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Xfce Core Development and Release Model (DRAFT)
In the past the same questions and discussions have come up over and over again whenever a new release was in sight, like:
- What are the core components of Xfce?
- How often do we want to release and in what fashion (time-based, feature-based)?
- Who's in charge of the release process?
- What dependency versions do we depend on?
- When are feature-freeze, string-freeze, code-freeze and thelike?
- How many pre-releases should we do and how do we call them?
- What do we use as a replacement for SVN revision versioning with Git?
This document intends to answer these questions and aims at defining a policy that we can refer to when planning releases.
The Xfce Core Desktop
THE DEFINITION OF CORE COMPONENTS IS OPEN FOR DISCUSSION
All core components of the Xfce desktop have to adhere to the release policy defined in this document.
- TO BE DISCUSSED
The Release Cycle
The release cycle involves a short planning phase, a development phase with development releases and a release phase, eventually leading to a new stable release of the entire Xfce core desktop. In parallel to these phases, a maintenance process of the current stable release will continue. During this phase, bugfix releases and security fixes will be released for the stable version of Xfce.
Below you can see a graphical timeline of an example release cycle and maintenance process for Xfce 4.8 with three components: Thunar, exo and xfwm4.
Planning Phase (2(+2) Weeks)
This phase marks the beginning of the release cycle and is used to decide which dependencies to use and also to appoint the release team for the cycle (first 2 weeks). It eventually leads to the dependency freeze (after 4 weeks).
Appointing the Release Team
At the beginning of the planning phase there is a (formal or informal) voting for the release team. The release team supervises development and maintenance releases during the release cycle. Its main purpose is to perform and double-check the Xfce core desktop releases in the release phase at the very end of the cycle. This is explained in more detail in the Release Team section of this document.
The release team consists of at least two people: one release manager who can be assisted by others to actually perform the release (tagging, creation of tarballs, writing release notes and announcements) and another person for quality assurance (checking if all components compile, tags are in place, release notes are up to date and so on). This is defined in more detail below.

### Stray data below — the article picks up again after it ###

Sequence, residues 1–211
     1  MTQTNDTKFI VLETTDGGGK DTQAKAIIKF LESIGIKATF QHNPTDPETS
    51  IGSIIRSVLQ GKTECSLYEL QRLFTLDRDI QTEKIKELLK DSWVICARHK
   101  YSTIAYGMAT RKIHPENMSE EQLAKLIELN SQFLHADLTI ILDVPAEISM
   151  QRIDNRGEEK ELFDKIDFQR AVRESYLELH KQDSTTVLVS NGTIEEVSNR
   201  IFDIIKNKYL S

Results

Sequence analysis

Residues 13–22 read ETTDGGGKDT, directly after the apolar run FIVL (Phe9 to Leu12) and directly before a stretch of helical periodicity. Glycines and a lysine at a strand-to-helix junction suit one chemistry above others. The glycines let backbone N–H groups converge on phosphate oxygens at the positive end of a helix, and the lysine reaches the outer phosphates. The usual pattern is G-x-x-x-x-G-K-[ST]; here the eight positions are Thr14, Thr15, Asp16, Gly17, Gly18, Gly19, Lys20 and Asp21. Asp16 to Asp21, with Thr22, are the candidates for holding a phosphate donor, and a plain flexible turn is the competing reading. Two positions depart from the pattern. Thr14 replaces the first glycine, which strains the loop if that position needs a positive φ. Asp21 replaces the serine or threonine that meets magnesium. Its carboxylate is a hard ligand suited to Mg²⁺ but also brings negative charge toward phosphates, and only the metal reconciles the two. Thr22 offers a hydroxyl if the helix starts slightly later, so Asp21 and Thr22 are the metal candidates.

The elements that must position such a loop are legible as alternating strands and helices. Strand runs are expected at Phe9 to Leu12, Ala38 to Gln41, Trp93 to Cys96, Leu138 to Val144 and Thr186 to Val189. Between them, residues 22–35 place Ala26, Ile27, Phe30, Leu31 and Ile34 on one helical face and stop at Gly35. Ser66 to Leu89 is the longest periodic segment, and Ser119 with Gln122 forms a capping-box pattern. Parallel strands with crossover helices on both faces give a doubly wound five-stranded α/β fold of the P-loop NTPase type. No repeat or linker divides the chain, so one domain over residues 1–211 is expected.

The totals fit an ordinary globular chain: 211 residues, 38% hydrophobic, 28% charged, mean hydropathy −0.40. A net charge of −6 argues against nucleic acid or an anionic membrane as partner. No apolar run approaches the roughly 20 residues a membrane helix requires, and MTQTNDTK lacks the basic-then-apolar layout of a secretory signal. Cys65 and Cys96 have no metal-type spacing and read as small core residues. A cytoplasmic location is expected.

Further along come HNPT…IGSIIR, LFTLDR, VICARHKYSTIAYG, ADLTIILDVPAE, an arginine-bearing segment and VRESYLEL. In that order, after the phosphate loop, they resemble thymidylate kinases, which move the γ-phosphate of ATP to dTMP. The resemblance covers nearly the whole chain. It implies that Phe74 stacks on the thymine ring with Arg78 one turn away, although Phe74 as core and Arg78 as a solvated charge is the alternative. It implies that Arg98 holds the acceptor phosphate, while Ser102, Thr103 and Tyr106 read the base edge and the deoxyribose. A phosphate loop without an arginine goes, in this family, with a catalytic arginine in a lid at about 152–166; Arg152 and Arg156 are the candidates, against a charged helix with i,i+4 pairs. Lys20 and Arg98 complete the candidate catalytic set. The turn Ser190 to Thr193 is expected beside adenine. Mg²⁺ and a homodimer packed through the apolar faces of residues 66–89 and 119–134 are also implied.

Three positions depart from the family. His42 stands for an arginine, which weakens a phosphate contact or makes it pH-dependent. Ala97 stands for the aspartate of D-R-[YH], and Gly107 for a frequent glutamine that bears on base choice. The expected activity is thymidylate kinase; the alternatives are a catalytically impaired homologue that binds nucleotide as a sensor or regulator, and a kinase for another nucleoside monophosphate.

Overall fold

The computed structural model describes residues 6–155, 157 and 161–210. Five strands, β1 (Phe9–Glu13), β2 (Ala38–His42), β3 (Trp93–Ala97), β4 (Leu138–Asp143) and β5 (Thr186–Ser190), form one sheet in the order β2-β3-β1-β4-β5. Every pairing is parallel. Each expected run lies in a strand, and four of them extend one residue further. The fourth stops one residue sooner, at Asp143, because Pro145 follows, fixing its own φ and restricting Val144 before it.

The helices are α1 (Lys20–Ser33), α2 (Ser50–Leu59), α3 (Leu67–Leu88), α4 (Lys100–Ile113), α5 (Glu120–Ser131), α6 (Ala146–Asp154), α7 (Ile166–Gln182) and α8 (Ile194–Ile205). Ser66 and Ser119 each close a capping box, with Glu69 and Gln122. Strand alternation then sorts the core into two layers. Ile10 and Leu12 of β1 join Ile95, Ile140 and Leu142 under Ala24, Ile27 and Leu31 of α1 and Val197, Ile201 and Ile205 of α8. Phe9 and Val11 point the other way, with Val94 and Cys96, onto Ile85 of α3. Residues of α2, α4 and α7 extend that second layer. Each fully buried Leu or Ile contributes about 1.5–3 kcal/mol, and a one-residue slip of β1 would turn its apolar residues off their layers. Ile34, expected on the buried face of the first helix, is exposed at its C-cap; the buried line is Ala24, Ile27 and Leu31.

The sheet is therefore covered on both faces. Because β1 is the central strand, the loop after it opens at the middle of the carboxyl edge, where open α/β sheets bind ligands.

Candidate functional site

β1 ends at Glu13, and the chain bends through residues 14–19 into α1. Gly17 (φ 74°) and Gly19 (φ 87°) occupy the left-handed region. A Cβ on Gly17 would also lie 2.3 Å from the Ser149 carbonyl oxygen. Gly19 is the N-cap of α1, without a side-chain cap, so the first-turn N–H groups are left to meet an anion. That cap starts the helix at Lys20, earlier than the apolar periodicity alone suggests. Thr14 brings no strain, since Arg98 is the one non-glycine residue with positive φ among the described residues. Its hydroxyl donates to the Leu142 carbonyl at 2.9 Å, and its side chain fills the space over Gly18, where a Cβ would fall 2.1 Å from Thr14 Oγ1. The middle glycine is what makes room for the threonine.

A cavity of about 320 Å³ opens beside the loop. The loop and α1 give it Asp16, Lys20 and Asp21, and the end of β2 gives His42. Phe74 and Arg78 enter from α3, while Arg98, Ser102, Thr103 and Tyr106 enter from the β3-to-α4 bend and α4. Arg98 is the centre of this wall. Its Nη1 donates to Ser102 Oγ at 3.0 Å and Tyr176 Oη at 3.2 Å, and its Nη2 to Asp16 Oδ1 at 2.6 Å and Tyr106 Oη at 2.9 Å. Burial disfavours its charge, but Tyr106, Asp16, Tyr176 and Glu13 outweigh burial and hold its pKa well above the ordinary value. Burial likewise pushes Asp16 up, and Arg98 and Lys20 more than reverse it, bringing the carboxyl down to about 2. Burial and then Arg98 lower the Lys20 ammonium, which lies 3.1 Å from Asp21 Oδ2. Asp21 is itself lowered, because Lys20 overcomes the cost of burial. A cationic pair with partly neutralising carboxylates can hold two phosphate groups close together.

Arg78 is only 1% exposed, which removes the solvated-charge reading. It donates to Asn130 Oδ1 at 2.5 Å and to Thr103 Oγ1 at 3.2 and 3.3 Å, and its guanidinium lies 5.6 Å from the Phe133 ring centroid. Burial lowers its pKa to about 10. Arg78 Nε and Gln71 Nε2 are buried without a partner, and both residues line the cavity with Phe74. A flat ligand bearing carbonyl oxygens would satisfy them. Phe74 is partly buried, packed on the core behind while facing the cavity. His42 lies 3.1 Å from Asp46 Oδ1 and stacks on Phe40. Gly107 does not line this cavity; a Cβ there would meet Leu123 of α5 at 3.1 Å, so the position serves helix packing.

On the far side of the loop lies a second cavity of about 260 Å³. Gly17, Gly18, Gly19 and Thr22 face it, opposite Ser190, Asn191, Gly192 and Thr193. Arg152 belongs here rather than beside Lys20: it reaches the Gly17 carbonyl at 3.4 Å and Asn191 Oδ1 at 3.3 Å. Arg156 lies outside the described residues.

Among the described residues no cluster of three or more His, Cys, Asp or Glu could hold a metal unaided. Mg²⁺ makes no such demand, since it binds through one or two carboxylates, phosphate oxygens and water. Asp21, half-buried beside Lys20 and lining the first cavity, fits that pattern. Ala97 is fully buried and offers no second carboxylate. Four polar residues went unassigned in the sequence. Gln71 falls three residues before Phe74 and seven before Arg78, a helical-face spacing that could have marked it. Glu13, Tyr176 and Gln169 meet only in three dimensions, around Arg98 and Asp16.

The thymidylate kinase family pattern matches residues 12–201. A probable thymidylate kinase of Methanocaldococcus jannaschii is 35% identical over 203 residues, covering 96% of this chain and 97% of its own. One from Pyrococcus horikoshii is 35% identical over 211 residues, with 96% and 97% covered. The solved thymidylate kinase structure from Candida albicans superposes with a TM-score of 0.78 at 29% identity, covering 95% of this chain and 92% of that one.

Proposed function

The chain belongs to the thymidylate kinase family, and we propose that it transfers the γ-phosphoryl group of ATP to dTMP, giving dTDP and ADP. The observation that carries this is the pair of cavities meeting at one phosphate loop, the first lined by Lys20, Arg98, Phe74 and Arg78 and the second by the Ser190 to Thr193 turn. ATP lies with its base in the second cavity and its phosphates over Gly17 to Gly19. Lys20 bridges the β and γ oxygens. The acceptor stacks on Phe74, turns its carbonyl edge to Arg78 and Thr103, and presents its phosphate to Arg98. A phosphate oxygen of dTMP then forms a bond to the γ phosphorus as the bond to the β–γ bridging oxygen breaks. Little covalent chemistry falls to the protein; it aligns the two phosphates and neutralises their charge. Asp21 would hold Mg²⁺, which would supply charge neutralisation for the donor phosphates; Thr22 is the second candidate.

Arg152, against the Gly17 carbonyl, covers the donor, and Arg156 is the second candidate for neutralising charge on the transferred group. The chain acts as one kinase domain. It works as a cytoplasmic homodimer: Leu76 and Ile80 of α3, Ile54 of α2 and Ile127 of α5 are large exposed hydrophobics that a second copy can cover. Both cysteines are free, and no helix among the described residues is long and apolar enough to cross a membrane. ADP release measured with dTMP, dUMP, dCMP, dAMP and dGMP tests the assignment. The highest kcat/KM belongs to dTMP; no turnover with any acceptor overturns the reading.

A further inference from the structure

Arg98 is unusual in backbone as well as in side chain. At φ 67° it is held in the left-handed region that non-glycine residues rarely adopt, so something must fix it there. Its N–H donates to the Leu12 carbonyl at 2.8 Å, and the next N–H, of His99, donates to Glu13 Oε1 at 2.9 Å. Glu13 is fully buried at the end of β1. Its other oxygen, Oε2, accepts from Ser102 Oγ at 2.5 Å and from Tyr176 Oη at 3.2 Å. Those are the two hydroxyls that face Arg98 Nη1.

These are the release team roles and their responsibilities:
- Organization of the release cycle
- Announce deadlines to developers and translators (repeatedly and early enough)
- Overseeing of maintainance and development releases
- Tagging of Xfce-X.Ypre1, Xfce-X.Y.pre2, Xfce-X.Y.pre3 and Xfce-X.Y
- Generate tarballs from tags (possibly automated)
- Write release notes
- Write release announcements
- Approve fixes of blocker bugs during code freeze
- Update the website(s)
- Make sure API documentation is up to date
- Create bugzilla tags
- Have an eye on libtool versions of maintanance and development releases
- Remind maintainers about missing NEWS updates
- Double-check the generated tarballs
- Proof-read release announcements
- Create component-specific tags for their maintainance and development releases
- Generate tarballs for their maintainance and development releases
- Write ChangeLogs and update NEWS files
- Write component-specific release announcements
During the first 2 weeks of the planning phase each maintainer is required to
- List the features he wants to implement in the release cycle
- Investigate which dependencies are implied by that
At the end of this, a decision is made on which dependencies the next stable release of the Xfce core desktop will depend. In particular this includes the minimum required versions for all essential dependencies of the Xfce core desktop.
Maintainers who were not available during the first 2 weeks of the planning phase have the chance to request dependency changes in the 2 weeks after that.
At the end of these 4 weeks, all components enter dependency freeze which means they may not change the dependencies (and their versions) they depend on. Optional dependencies for are still allowed to be added though.
Informing the Community
At the very end of the planning phase, a mail with planned features and dependencies for all components of the Xfce core desktop is sent to the firstname.lastname@example.org and email@example.com mailing lists.
Development Phase (5 Months)
During the development phase every maintainer is free to do maintenance and development releases of his components independently of the rest of Xfce.
Development releases usually give a feature preview for the next stable release. They have to follow the X.Y.Z versioning format, where Y is an odd number (e.g. xfwm4-4.7.3 or thunar-1.3.10).
Maintainers are encouraged to do development releases for new features they want to make available to others. Frequent development releases can act as a replacement of the SVN revision versioning we had in the past. If component A depends on a new feature in component B, A may only be released if there is a development release of B shipping this feature. For this to work, libtool versions have to be updated properly with every development release.